Navigator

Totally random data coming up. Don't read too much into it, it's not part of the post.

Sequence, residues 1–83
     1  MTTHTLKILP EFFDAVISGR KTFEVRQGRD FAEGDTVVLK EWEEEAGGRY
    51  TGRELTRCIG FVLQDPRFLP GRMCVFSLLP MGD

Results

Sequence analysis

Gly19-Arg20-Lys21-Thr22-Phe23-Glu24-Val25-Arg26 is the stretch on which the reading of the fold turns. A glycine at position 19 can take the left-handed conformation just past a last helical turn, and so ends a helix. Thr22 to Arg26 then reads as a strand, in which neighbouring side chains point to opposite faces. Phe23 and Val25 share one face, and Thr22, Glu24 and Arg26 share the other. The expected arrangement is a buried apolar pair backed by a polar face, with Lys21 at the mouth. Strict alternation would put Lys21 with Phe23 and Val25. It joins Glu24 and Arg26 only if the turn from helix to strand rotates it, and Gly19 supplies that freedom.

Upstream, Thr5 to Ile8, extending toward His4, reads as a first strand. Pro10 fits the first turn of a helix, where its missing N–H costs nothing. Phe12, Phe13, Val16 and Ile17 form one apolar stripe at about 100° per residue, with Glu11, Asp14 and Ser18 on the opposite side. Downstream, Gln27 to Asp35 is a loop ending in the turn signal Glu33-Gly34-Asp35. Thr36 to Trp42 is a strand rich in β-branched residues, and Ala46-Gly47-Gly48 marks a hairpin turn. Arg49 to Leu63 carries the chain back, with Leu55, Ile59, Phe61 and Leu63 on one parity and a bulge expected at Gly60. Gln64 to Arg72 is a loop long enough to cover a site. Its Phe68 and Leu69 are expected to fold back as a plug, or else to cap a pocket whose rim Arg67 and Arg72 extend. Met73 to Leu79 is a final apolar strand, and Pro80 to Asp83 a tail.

The idea of knowing yourself as something beyond what you do or what you like or other beliefs you hold is powerful and compelling. I’m not sure who I am outside of those things. Also, the idea of a life that’s not frustrating is interesting. I think my hobbies are reading, writing, thinking, and growth. When I’m most frustrated it’s when my day is filled with people or activities that don’t leave time for this. This is more than just time to recharge my batteries, instead it’s an expression of who I am and what’s valuable to me. In my earlier life, I was driven by the desire to do work that was meaningful. This drove me to reach for the top of my profession, which I’m proud of. But now, I feel driven in a similar way to have a career that values me. That sees me as a key part of the story. Not just a cog. My whole self. A career that encompasses even my hobbies above, or at the very least compliments them or allows them. Sightbox has been my path for this. Right now though I feel a bit odd, as if I have chosen to devalue myself. As if I’m taking a back seat to my own business. There’s something there and I need to sort it out. Charlie and I are in the front seats of this bus, and now it’s full. I can’t leave him up there by himself. I’m his navigator. Maybe that’s what he’s missing from me. I used to be able to guide his energy. To point to places, to find new destinations. I could see what was beyond the horizon. Charlie would trust me and would set a course. Right now, I’m either afraid or low on confidence to lead. I was comfortable being Charlie’s navigator, but now I’ve got a whole boat full of people, and it’s intimidating. I’ve never lead people like this. But the truth is, they will go where Charlie and I go. In fact that’s why they’re in our boat. They want to be passengers on our journey. Our journey. Not just Charlie’s. Ours. The two of us are what makes this cruise fun. If it were up to Charlie alone, the destination wouldn’t be as exciting. If it were up to me alone, I’d have lots of amazing places I’d like to go, it is never reach any of them. Charlie is missing his co-pilot. And I’m not taking advantage of the confidence Charlie gives me to find amazing destinations. Our ship is ready to go, but we’re still still in the bay. Everyone is waiting to hit the open seas. And I’m below deck, maintaining the engine instead of manning the bridge. That seat next to Charlie is empty most days. Charlie and I need more time together. Now that things are happening, his time isn’t as open and neither is mine. Per week we only have an hour or two specifically for the two of us. I don’t think that’s enough. We’re not the people who simply started this company, we’re the ones actively running it. Our relationship is more important now than it’s ever been. The time we have scheduled now is not enough. And it should be all work. Our relationship is a big part of why people want to work with us. Our chemistry sets the tone for the